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  • The counter-leaks have already started in response to the release of Devin Nunes’ memo; many of the controversies regarding the memo would go away if the Department of Justice released the text of its applications for FISA court warrants targeting Carter Page and other people associated with the Trump campaign and transition team. Many commentators are arguing there isn’t a scandal here, but Victor Davis Hanson makes a good argument why there should be one:

    If all this is not a scandal — then the following protocols are now considered permissible in American electoral practice and constitutional jurisprudence: An incumbent administration can freely use the FBI and the DOJ to favor one side in a presidential election, by buying its opposition research against the other candidate, using its own prestige to authenticate such a third-party oppositional dossier, and then using it to obtain court-ordered wiretaps on American citizens employed by a candidate’s campaign — and do so by deliberately misleading the court about the origins and authors of the dossier that was used to obtain the warrants.

    Mark Steyn takes issue with the Department of Justice renewing the warrant targeting Carter Page even as the the perceived quality of the intelligence that justified the warrant in the first place kept decreasing as they investigated further:

    A surveillance warrant against a US person also has to be renewed every 90 days – which this one was, thrice: That would presumably be just before the inauguration in January, and again in April and July. By the time of the first renewal, signatories Yates and Comey were aware that Steele had been fired as an FBI informant for blabbing to the press about being an FBI informant. In addition, an internal FBI investigation had found his dossier “minimally corroborated”. Yet evidently the diminished value of both the dossier and its author were not disclosed to the judge – in January or subsequent renewals. Indeed, one can be fairly confident that Deputy AG Rosenstein and the FBI would have been happy to apply for a fourth renewal, were it not for the fact that the general crappiness of Steele’s dossier was by then all over the papers and even a judge kept in the dark by the feds for a year might have begun to notice it.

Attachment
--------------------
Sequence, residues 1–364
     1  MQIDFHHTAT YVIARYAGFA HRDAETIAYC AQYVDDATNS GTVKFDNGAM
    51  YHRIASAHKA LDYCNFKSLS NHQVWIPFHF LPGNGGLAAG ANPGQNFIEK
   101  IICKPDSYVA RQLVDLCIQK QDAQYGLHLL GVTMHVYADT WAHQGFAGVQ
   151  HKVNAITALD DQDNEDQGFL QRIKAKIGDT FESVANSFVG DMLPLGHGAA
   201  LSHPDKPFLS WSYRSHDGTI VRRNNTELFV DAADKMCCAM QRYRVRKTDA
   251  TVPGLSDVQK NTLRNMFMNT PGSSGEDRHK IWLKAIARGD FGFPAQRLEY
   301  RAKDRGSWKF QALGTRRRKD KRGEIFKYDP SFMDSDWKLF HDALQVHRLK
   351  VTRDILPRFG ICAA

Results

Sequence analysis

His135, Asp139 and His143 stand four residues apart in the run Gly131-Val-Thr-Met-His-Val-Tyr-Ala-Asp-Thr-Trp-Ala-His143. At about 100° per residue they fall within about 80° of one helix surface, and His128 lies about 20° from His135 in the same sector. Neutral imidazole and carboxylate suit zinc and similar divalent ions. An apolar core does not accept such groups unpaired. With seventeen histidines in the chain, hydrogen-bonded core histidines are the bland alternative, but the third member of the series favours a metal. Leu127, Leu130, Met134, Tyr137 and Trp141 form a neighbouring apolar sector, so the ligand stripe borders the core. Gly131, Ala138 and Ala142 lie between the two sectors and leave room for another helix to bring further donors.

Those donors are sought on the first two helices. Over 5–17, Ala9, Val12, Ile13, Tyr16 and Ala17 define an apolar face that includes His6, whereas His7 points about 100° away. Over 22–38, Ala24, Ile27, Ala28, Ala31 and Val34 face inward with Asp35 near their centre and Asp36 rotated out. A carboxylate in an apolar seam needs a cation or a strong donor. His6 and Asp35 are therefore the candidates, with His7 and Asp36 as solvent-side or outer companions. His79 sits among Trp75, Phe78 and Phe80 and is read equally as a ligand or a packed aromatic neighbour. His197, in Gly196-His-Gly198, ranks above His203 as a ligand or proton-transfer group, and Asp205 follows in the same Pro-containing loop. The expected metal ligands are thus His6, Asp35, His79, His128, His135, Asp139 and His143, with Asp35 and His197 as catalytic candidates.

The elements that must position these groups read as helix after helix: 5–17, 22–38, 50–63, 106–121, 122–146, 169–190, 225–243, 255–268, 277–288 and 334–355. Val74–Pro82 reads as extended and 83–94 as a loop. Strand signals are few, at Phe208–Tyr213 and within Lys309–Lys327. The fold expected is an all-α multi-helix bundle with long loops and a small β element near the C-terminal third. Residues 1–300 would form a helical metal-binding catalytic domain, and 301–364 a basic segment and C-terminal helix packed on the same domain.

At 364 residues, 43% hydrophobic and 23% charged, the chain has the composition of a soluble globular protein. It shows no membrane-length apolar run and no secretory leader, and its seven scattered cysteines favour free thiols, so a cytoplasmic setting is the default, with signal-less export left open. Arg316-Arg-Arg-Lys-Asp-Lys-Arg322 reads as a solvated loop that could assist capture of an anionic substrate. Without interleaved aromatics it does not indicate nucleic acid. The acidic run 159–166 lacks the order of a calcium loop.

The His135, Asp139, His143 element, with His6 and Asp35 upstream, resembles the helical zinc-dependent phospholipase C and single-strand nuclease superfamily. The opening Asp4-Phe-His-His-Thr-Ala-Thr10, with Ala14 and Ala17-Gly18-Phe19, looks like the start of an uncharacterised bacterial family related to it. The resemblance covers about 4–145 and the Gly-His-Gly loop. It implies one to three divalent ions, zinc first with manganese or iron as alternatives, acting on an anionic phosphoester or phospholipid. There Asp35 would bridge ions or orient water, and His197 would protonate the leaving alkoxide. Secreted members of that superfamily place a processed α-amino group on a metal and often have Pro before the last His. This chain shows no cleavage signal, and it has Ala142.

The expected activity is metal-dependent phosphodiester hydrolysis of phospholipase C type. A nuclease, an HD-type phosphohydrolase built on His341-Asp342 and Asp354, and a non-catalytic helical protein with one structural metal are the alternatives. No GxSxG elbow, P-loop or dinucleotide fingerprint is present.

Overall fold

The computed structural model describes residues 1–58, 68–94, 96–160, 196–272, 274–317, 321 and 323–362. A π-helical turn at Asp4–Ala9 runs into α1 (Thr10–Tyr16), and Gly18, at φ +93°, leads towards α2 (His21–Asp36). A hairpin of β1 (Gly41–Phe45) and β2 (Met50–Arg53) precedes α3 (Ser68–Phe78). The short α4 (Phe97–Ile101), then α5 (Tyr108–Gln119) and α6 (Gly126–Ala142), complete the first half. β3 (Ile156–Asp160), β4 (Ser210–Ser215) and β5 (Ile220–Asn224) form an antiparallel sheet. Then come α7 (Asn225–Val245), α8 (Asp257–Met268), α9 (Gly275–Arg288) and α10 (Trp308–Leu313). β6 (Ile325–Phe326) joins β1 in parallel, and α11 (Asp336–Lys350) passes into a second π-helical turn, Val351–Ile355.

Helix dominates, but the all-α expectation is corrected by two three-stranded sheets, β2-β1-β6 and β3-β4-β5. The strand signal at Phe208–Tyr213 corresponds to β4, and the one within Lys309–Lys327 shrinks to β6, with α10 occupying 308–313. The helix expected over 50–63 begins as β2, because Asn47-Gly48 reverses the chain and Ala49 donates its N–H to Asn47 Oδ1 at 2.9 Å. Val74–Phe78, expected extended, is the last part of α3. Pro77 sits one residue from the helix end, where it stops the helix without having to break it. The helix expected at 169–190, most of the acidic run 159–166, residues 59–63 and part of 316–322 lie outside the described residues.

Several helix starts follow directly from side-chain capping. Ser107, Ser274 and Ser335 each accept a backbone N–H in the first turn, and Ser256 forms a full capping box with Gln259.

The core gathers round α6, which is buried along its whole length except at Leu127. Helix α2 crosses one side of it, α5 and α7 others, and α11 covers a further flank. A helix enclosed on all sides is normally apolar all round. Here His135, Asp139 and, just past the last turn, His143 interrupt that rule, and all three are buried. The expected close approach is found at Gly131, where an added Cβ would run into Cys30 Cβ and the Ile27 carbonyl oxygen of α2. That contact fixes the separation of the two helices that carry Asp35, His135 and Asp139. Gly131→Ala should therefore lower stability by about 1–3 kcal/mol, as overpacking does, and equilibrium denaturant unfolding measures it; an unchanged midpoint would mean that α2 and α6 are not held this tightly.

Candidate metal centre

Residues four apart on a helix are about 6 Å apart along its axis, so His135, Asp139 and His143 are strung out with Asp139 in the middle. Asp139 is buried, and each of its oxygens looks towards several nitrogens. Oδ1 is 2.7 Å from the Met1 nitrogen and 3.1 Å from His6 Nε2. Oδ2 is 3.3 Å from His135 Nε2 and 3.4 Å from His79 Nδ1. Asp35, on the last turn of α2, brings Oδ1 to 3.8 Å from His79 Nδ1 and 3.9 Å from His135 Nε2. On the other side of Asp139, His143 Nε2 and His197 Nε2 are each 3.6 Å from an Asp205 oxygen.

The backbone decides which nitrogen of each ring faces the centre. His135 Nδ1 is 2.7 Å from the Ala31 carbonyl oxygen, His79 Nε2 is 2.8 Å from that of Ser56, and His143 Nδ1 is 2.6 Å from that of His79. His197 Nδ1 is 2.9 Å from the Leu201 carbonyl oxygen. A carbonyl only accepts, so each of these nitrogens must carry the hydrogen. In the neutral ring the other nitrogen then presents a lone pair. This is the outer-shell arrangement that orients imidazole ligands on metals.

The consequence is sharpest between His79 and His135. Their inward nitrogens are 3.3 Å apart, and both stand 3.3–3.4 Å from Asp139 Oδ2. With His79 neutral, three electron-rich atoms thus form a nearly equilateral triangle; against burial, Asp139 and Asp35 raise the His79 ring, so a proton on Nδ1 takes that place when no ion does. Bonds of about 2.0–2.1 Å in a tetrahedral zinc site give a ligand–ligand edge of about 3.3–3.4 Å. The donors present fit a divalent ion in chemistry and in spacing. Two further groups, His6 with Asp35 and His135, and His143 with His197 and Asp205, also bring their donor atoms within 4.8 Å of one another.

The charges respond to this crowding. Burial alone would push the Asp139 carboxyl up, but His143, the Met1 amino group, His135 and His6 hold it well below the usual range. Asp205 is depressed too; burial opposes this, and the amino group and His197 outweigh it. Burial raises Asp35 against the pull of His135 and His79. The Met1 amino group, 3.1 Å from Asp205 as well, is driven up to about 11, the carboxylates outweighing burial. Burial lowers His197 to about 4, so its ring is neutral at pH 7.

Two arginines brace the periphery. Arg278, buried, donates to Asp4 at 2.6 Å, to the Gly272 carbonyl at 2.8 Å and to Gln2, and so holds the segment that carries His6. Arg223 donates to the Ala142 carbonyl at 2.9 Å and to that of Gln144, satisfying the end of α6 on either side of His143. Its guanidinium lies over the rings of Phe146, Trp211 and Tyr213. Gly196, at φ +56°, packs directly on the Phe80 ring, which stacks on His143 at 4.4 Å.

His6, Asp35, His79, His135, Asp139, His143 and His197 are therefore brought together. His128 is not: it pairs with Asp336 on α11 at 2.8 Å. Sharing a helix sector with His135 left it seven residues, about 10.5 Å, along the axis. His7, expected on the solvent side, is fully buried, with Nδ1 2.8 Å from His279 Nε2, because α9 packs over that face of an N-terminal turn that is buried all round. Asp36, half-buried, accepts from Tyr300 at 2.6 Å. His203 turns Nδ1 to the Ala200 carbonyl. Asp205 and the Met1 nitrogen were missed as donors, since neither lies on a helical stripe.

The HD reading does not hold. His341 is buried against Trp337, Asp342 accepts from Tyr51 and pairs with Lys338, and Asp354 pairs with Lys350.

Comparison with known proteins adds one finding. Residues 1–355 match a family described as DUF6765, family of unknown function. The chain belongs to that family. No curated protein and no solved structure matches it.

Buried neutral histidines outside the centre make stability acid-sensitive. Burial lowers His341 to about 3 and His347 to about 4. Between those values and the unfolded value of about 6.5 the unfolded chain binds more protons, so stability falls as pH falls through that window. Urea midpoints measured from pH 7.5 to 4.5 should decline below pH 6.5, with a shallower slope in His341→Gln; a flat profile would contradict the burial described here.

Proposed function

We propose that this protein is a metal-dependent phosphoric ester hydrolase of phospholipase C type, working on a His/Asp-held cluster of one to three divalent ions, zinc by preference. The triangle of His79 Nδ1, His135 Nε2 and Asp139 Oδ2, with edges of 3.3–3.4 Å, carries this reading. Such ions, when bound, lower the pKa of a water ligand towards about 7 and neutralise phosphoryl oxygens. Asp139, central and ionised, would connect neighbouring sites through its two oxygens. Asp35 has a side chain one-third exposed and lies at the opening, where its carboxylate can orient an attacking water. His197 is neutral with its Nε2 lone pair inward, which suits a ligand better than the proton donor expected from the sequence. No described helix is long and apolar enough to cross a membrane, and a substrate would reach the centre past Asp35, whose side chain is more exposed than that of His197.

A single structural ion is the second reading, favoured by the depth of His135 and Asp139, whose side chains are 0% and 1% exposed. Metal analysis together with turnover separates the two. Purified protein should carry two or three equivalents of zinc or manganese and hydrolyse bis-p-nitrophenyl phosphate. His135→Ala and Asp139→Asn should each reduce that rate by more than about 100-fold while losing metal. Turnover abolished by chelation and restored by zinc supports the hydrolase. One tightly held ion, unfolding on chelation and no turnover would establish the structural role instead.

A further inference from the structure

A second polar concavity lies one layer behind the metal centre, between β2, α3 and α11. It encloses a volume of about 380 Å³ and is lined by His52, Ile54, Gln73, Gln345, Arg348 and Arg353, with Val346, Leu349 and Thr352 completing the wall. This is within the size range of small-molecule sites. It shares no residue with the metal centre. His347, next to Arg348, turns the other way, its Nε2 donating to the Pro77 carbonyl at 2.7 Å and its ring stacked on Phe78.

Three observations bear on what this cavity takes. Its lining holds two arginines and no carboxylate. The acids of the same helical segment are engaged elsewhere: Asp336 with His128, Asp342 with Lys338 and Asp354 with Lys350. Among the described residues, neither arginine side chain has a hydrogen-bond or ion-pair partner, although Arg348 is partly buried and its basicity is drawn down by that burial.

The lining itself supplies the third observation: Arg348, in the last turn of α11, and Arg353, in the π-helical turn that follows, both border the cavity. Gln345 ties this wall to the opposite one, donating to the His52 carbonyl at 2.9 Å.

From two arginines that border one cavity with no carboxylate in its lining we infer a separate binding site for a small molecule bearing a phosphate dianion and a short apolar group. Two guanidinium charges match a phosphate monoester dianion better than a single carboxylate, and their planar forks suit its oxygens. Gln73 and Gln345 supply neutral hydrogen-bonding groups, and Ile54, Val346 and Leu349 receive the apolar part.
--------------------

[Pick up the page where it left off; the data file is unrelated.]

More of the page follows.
In the middle of all this is an American citizen who was put under 24/7 surveillance by the panopticon state because it enabled the ruling party to eavesdrop on its political opponent. As much as Steele’s dossier, Carter Page was a mere pretext: The dossier was the pretext to get to Page, and Page was the pretext to get to Trump.

  • For more than two years, Israeli drones, helicopters, and airplanes have conducted airstrikes against militants in the northern Sinai Peninsula with the Egyptian government’s blessing.

    The Israeli drones are unmarked, and the Israeli jets and helicopters cover up their markings. Some fly circuitous routes to create the impression that they are based in the Egyptian mainland, according to American officials briefed on their operations.

    In Israel, military censors restrict public reports of the airstrikes. It is unclear if any Israeli troops or special forces have set foot inside Egyptian borders, which would increase the risk of exposure.

    Mr. Sisi has taken even more care, American officials say, to hide the origin of the strikes from all but a limited circle of military and intelligence officers. The Egyptian government has declared the North Sinai a closed military zone, barring journalists from gathering information there.

  • Syrian rebels in Idlib province shot down a Russian fighter plane and killed the pilot after he ejected.

  • A suicide bomber killed 11 Pakistani soldiers and injured another 13.